Let’s take a closer look at the Gödel theorems and their interpretations by Turing and Chaitin. Scientists tend to be rather bound by their specific disciplines, which serves them well within the confines of their particular systems but inherently limits their willingness to address questions perceived as falling outside their area of expertise, or those which bridge disciplines.
Specialization has both benefits and costs. Both Turing and Chaitin saw the limits imposed by the Gödel theorems, but appear to have stopped short of appreciating what amounts to a broader interpretation.
An Infinite Nesting:
Herein is postulated the Infinite Nest Theorem, which is nothing more than a restatement that puts Gödel in context: any rigorously defined, sufficiently rich axiomatic system is a subset of some other rigorously defined, sufficiently rich axiomatic system.
A few moments reflection leads to the conclusion that limits (broadly defined) therefore do not exist – our universe is a subset of another universe, which is a subset of another universe, etc.. To be sure, limits to “scientific” knowledge may exist, but since science is a subset of another more inclusive system, those limits may be seen as relatively narrow and purely contextual.
It sort of boggles the mind, it does, especially when one realizes that logic itself must then be a subset of some more inclusive system. (In a sense this is not news – the prefix “meta-“ explicitly refers to a transcendence of the ordinary and has been in use for a long time:;consider, for example, “physics” vice “metaphysics”. Granted, physicists do not generally categorize themselves as a special class of metaphysical practitioners, but still ….)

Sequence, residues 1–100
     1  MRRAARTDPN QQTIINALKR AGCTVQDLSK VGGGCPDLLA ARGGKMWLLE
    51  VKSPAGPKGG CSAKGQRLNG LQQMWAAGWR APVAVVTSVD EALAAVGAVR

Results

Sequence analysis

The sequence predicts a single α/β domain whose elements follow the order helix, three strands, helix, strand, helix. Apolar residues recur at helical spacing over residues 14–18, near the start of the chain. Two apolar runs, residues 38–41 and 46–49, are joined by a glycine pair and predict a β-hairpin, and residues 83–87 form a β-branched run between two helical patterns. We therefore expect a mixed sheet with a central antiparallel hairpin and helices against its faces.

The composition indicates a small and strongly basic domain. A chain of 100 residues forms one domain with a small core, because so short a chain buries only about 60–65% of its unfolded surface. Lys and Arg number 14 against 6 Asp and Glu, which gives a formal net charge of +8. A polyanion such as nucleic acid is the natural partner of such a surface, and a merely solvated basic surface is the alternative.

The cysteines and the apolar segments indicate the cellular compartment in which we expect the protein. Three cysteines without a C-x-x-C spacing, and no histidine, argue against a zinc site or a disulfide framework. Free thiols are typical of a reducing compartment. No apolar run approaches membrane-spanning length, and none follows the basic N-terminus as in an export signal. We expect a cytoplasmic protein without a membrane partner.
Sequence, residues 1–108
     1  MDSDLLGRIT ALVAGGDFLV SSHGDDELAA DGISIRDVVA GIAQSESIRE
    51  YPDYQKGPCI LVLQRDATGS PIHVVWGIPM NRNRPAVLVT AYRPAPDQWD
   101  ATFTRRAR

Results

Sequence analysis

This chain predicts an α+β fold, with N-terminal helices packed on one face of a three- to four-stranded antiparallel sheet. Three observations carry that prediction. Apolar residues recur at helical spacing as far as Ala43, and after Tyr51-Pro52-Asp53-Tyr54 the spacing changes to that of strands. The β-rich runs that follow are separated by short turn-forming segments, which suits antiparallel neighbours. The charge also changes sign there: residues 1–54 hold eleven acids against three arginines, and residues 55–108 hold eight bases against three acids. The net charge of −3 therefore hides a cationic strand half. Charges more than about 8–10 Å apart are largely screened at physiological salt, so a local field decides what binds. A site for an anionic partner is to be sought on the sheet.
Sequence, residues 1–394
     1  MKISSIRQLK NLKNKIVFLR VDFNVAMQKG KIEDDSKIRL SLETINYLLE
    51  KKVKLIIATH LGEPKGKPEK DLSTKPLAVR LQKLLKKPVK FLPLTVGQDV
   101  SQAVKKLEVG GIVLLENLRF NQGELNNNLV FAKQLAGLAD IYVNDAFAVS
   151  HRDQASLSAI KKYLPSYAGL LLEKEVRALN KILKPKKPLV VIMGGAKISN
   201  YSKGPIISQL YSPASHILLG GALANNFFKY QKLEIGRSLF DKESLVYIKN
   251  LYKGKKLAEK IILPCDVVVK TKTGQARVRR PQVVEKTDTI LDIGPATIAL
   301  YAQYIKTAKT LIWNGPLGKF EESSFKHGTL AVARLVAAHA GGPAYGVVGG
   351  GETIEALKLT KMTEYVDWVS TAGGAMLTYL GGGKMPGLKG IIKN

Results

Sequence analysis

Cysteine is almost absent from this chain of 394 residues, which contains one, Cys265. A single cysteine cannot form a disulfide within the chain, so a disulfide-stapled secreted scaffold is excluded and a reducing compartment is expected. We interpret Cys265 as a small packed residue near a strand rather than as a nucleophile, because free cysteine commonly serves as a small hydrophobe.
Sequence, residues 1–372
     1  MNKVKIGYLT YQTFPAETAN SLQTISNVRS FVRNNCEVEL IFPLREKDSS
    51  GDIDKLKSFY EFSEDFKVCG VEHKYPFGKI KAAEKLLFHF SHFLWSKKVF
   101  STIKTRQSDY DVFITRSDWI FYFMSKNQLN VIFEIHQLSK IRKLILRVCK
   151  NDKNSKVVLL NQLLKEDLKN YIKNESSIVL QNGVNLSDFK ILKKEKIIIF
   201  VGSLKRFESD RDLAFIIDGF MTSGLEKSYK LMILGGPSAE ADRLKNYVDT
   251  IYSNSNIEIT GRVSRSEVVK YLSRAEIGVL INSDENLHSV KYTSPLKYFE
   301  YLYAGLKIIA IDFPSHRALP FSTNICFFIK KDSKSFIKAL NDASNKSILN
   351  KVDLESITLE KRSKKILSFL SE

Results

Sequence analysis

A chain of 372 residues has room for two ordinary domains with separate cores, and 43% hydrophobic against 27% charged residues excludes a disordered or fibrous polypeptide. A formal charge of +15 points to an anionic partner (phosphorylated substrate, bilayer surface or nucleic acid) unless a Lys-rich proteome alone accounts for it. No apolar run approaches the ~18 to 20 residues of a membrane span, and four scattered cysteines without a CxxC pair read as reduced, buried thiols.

What does “rigorously defined” mean? Simply that a set of initial conditions are agreed upon, from which rules are then derived to explain the operations of the system.
One shouldn’t get too bent out of shape by this – the existence of more inclusive systems does not, in and of itself, discredit that which can be proven within the system you are embedded in, so long as your proofs conform to the axioms of your system. It does mean, however, that by definition any such proof is an example of a special case in a more inclusive system.
Neither science nor logic are invalidated by being placed within the context of a broader system. It does mean, however, that a smug assumption of infallibility may not be the most desirable evolutionary trait, regardless if you are scientist or mystic.
If this bothers you it simply means you are limiting your thinking and conceptual space unnecessarily. The colloquialism “think outside the box” is as good an admonition as any – loosen up.